Qt Quick Compiler

The Qt Quick Compiler is a development add-on for Qt Quick applications which allows you to compile QML source code into the final binary. When you use this add-on, the application's startup time is significantly improved and you no longer need to deploy .qml files together with the application.

Note: Since Qt version 5.11, the functionality of the Qt Quick Compiler has been integrated into the Qt Quick module itself. This separate add-on remains available in the earlier long term support releases of Qt.


Qt Quick enables rapid development cycles for your applications. This is accomplished by doing away with the traditional C++ compilation step. Instead, we load the .qml source code on demand at run-time. The popular Just-in-time (JIT) compilation technique is used to generate machine code on the fly, which speeds up the execution of JavaScript and QML binding expressions.

Unfortunately this approach has some disadvantages: On application startup, several .qml files need to be parsed and dynamically compiled before the user interface can become visible and interactive. This is rarely a problem during application development itself, however it is an unnecessary step for a finally released application, as the ability for the end user to modify the qml source code like a developer is usually not required. Conceptually, this is similar to how a release build of C++ code cannot be used with a debugger.

As .qml files are loaded at run-time, it is necessary to deploy them together with the released application. For proprietary applications that wish to hide the source code from the end user, this is an unacceptable restriction.

Lastly, some platform versions such as iOS or Windows RT do not permit the dynamic generation of machine code. As a fallback QML provides an interpreter to allow for the full use of QML, but it comes at the expense of a longer execution time.

Compiled Qt Quick is an elegant solution to these problems: .qml files as well as accompanying .js files can be translated into intermediate C++ source code. After compilation with a traditional compiler, the code is linked into the application binary. This entirely eliminates the need of deploying QML source code, it reduces the application startup time and allows for a much faster execution on platforms that do not permit Just-in-time compilation.

Getting Started

The Qt Quick Compiler package consists of the compiler as a command line tool as well as a build system integration.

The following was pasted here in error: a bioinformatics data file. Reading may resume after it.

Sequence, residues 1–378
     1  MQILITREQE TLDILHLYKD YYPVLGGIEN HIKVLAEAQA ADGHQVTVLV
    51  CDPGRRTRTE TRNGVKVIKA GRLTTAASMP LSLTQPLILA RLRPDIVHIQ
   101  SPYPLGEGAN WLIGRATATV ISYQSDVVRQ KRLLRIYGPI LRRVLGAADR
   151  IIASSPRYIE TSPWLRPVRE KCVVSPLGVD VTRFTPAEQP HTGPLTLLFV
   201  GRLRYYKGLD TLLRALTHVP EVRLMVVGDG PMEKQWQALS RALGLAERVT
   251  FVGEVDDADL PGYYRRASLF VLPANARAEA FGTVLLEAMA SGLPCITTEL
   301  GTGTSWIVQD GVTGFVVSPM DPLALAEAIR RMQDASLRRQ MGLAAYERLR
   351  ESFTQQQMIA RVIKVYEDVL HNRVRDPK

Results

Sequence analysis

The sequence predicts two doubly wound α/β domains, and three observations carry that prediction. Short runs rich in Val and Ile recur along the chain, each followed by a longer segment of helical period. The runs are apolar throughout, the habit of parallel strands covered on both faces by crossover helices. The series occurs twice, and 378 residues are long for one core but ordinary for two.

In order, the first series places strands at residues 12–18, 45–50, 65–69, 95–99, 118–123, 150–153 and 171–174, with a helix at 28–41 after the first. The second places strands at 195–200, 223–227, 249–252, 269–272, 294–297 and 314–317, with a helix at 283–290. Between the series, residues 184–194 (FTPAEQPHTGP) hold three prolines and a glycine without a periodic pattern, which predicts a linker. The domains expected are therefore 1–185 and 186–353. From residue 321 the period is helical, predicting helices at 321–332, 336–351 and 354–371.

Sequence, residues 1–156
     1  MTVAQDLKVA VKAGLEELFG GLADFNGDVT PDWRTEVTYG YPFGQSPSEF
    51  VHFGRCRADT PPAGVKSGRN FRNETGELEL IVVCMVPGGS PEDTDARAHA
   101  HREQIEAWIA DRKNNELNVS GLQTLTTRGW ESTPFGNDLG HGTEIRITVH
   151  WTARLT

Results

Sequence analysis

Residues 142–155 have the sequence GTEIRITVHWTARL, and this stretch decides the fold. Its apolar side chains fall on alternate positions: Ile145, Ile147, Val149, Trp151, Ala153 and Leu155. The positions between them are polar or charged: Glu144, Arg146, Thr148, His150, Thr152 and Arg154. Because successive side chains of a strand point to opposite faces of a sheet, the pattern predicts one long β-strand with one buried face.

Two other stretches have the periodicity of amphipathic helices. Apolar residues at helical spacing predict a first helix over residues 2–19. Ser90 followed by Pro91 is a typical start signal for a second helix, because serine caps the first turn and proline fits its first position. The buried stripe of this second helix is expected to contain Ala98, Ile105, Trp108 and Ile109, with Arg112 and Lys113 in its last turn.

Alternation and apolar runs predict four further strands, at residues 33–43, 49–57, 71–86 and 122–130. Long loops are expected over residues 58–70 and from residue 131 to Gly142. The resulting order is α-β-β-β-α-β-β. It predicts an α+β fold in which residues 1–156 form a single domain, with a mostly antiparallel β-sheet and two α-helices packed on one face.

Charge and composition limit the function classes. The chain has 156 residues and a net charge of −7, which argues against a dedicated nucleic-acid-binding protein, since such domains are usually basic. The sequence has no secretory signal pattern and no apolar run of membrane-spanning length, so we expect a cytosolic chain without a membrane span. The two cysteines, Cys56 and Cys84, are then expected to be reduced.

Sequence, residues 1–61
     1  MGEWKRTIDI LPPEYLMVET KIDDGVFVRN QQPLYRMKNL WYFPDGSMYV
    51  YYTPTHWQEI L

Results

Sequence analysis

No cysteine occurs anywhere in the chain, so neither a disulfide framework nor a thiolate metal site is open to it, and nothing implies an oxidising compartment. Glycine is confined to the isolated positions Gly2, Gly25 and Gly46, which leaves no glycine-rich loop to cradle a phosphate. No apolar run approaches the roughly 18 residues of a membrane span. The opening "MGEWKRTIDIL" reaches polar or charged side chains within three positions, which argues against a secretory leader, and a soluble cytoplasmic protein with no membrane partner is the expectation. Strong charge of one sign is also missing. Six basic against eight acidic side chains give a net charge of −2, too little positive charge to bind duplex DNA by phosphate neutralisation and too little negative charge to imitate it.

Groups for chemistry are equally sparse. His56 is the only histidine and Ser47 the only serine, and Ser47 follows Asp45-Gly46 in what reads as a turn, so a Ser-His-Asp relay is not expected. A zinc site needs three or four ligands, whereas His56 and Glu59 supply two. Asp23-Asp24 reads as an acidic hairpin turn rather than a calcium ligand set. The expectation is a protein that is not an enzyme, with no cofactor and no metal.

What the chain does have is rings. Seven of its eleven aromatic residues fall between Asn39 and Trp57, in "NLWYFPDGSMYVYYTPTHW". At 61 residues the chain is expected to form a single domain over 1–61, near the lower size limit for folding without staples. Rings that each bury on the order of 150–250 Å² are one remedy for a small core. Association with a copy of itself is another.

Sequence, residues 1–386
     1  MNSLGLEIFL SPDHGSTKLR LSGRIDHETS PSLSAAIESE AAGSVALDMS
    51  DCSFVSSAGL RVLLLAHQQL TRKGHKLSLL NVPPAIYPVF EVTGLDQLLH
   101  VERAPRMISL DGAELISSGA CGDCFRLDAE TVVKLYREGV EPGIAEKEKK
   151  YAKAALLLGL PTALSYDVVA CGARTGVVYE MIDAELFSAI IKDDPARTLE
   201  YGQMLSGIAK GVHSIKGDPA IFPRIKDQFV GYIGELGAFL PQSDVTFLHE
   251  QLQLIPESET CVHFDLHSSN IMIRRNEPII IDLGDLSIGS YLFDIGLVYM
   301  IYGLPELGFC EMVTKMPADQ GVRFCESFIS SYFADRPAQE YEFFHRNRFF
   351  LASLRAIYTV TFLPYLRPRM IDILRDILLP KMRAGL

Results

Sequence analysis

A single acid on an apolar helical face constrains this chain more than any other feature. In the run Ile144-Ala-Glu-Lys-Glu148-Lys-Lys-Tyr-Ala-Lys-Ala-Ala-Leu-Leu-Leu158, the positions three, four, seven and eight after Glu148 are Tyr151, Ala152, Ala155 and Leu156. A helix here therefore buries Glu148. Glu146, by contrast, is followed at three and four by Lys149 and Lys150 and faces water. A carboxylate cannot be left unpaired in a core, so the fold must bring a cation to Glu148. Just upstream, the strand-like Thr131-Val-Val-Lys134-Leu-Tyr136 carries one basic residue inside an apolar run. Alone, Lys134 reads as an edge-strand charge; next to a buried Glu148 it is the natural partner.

The integration into the build system happens at the level of the Qt Resource System. In order to use the Qt Quick Compiler, your application needs to be prepared:

  • Create a .qrc file for your application and include all the files your project needs, including .qml , .js and qmldir files.
  • Add the file name of your .qrc file to RESOURCES in your .pro file.
  • Change your application to use qrc: URLs instead of file: in order to become file system independent.
  • This way all dependent files are bundled into your application binary and you should verify that your application works without the .qml source code in the file system.

When your application has been converted to use the Qt Resource System, you can activate the integration with the Qt Quick Compiler by passing CONFIG += qtquickcompiler to qmake, for example on the command line or in the build settings of your project in Qt Creator, as additional argument in the qmake build steps.

After activating the Qt Quick Compiler in the build integration, the build system will automatically execute the tool to compile your .qml and .js files into the binary and avoid the inclusion of their source code in the resource system.

If you have .qml or .js files which should not be compiled but just bundled by the resource system, then you can omit them from the compilation by specifying the resources files that contain them in the QTQUICK_COMPILER_SKIPPED_RESOURCES variable in your project file, like below:


If you are building your application with the CMake build tool, then the same principles of using the resource system apply. See the separate Building with CMake article for details about the CMake specific syntax.


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